Thursday,20 September, 2018
Current issue | Issue 1234, (19 - 25 February 2015)
Thursday,20 September, 2018
Issue 1234, (19 - 25 February 2015)

Ahram Weekly

The face of freedom

Yara’s Face: Poems for Freedom, Maha Shaba, Refaat Sallam et al, Cairo: Kotob Khan, 2015. pp122. Reviewed by Rania Khallaf

Al-Ahram Weekly

This book is the cultural community’s response to the imprisonment of 28-year-old human rights activist Yara Sallam and her comrades for two years following their protest of the demonstrations law in June 2014. It is made up of poems by both Egyptians and writers from Palestine, Syria, Iraq, Morocco, Algeria, Tunisia and India, written spontaneously in solidarity with Sallam.

A lawyer who has worked for, among other organisations, the African Commission on Human and Peoples’ Rights, Yara is the daughter of the celebrated 1970s generation poet Refaat Sallam, whose Facebook page responded to the initial verdict, “The arrogance of power and its lust for revenge on the 25 January Revolution is the reason behind the imprisonment of Yara and her comrades. They are digging their tombs with their own hands...”

By September 2014, Refaat had collected enough poems about Yara to publish a complete file in the quarterly Shi’r (or “Poetry”). At the same time writer and Al Ahram journalist Maha Shahba had set up a Facebook page entitled “Yara’s Face” — and the genesis of the book was underway.

Four months ago, the first edition appeared with Kotob Khan, the Maadi-based bookshop and publisher, where it was also launched. It is made up of three parts: a preface entitled “First Wedding”, an introduction and poems by Refaat Sallam entitled “Until the Dawn Responds” and the selection of 53 poems. The book proved so popular it was soon sold out, and the second edition was launched last week at Al Thaqafa Al Jadida publishing house downtown.

Part of the power of the book is how it combines styles and languages. Poems in both colloquial and classical Arabic by such Egyptians Mohammed Riyad, Abdel-Reheem Tai’, Gamal Al-Qassas, Amin Haddad, Walid Al-Khashab, Nagat Ali, Hala Mohammed, Ahmed Sirag as represent a wide range of approaches and generations. The book has also been translated into English, and will be published within a few months in London.

According to Refaat Sallam, “Seven copies of the book were signed during the second launch by poets who attended, to be sent to the seven jailed girls. But the books were denied entry. Luckily, the girls have read the reviews published in official newspapers,” he smiles, “which are allowed. Around fifteen Arab poets  participated in the book. The number of participating poets is on the rise, and they show unforgettable solidarity. This kind of initiative is unprecedented. Never before have poets spontaneously rallied to express their refusal of oppression and their relentless support for innocent prisoners.”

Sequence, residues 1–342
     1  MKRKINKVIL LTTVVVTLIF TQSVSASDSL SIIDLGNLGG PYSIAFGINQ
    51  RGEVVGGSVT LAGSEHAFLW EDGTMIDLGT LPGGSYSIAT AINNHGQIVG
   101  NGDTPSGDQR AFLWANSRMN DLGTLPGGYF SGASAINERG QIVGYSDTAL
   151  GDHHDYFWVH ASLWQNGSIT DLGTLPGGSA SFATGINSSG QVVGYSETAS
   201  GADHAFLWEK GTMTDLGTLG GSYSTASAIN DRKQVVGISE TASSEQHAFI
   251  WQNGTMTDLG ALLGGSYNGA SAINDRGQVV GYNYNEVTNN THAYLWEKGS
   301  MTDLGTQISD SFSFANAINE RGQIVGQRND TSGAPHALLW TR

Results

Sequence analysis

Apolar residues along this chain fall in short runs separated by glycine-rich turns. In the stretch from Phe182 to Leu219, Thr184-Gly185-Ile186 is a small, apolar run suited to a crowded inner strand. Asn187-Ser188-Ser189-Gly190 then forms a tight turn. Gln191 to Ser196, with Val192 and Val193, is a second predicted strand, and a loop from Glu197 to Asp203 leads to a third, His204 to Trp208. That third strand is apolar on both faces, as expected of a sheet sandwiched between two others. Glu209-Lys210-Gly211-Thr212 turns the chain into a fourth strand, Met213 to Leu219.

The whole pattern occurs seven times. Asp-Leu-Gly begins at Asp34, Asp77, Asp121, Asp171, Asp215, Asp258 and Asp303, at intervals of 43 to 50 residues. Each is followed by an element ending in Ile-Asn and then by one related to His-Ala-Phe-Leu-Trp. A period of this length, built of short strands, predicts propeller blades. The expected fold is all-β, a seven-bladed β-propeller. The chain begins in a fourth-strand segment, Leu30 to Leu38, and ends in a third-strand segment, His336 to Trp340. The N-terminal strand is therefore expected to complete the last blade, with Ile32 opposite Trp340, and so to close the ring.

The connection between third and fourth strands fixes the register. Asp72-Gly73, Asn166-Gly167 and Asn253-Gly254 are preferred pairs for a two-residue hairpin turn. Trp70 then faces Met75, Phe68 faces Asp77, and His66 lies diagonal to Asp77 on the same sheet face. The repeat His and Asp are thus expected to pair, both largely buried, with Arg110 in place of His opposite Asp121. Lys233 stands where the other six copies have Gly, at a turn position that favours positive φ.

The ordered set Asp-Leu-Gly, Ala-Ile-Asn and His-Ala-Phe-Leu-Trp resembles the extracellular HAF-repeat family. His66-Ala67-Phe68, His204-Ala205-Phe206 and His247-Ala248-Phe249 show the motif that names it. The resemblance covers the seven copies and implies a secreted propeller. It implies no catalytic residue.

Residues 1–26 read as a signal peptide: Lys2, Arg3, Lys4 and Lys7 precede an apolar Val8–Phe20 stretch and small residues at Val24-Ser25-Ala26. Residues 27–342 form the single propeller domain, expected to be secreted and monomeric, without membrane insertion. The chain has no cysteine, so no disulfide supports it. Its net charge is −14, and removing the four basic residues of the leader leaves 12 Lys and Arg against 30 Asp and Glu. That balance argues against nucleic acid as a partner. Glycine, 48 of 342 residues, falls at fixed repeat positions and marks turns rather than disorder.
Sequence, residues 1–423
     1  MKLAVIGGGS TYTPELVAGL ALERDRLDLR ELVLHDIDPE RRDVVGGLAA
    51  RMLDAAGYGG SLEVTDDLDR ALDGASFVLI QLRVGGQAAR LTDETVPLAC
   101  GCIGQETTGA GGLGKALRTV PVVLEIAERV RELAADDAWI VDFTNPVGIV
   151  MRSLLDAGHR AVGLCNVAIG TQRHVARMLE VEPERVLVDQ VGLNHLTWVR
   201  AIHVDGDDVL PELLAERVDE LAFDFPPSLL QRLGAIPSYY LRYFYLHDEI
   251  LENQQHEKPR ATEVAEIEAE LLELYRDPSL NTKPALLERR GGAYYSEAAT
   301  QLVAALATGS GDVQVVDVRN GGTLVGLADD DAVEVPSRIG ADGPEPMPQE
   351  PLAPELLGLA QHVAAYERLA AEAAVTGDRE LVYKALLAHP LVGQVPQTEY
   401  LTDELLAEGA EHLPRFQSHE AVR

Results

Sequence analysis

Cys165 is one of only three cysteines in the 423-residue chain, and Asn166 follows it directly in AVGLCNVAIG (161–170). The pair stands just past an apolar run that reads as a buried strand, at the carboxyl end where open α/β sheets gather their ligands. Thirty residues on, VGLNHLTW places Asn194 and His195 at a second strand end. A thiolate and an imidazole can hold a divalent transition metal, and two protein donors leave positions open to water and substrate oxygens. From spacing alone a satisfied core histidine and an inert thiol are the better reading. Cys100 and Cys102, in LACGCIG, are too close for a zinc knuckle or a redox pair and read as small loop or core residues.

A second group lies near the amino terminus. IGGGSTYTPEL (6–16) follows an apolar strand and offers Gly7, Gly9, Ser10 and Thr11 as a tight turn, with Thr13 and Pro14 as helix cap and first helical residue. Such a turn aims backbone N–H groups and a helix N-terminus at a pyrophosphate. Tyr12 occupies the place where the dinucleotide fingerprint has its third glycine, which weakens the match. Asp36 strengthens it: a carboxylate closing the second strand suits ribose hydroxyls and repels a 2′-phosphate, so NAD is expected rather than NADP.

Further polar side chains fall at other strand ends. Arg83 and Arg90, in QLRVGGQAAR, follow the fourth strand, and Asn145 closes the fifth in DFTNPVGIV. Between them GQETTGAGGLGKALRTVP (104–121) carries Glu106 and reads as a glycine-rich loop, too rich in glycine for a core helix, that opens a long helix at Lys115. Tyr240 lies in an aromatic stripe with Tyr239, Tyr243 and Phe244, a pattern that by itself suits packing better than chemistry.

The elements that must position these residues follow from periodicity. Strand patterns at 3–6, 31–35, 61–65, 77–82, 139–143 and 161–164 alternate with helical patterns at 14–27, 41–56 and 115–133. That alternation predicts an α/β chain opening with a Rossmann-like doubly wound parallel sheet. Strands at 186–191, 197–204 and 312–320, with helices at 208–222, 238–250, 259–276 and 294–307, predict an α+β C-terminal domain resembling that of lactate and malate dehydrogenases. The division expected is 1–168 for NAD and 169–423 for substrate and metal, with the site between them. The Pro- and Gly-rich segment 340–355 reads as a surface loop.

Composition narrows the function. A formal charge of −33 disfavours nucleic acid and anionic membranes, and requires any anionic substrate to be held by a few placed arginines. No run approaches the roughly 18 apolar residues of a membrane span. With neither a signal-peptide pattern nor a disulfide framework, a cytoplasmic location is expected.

He went on to indicate that, as 1970s generation poets, he and his peers were used to issuing statements on political issues, but publishing a book of poems to this end is a new revolutionary tactic. Nor are these political poems in the sense of the work of celebrated 1960s generation poets: the topic may have a political angle to it, but the poems in the book are written from a human perspective and in a lyrical tone.

“This initiative, and this beautiful poetic spirit, would not have been felt if not for the 25 January Revolution,” he said. His own poems, he insisted, “are not the book’s best”. He explained, “I don’t have control over my feelings. The situation is too emotional for me to write good poetry. I usually do not let my emotional mood control my writing process. What I have written so far about Yara’s imprisonment is a mere preliminary reaction.”

After frequent visits to Yara at Al-Qanater Prison for Women, while awaiting the ultimate verdict by the Court of Cassation, Refaat believes his daughter is in good spirits.

“She still has this lovely childish spirit. On one of my last visits, she left her place on the bench to come and sit on my leg, in a childish manner that impressed me. I could not help hugging her, and feeling even stronger. She is the one who is responsible for contacting the prison administration. She has made small achievements, such as the administration agreeing to leave the cell door open. I am so proud of her, and I am sure she will resume her career and strive for the defense of human rights.”

Many statements and petitions have been released since Yara Sallam was arrested last June. They were issued by international human rights organisations including the International Federation for Human Rights, as well as a group of Arab woman judges. Demonstrations were staged and initiatives launched worldwide...

“This crisis has revealed the ugly face of the ruling regime. The killing of activist Shaymaa Al Sabaagh moved me equally and I wrote a poem about this bloody and contradictory murder, which I find puzzling. Does the ruling regime want to deliver a message that imprisonment is a better option than freedom? Is it safer for our young activists to stay in prisons? Murdering free citizens and activists will never strike fear in people’s hearts. On the contrary, it prompts an even more revolutionary response on the part of the public. This is one of the main lessons unfortunately lost on the powers that be.”

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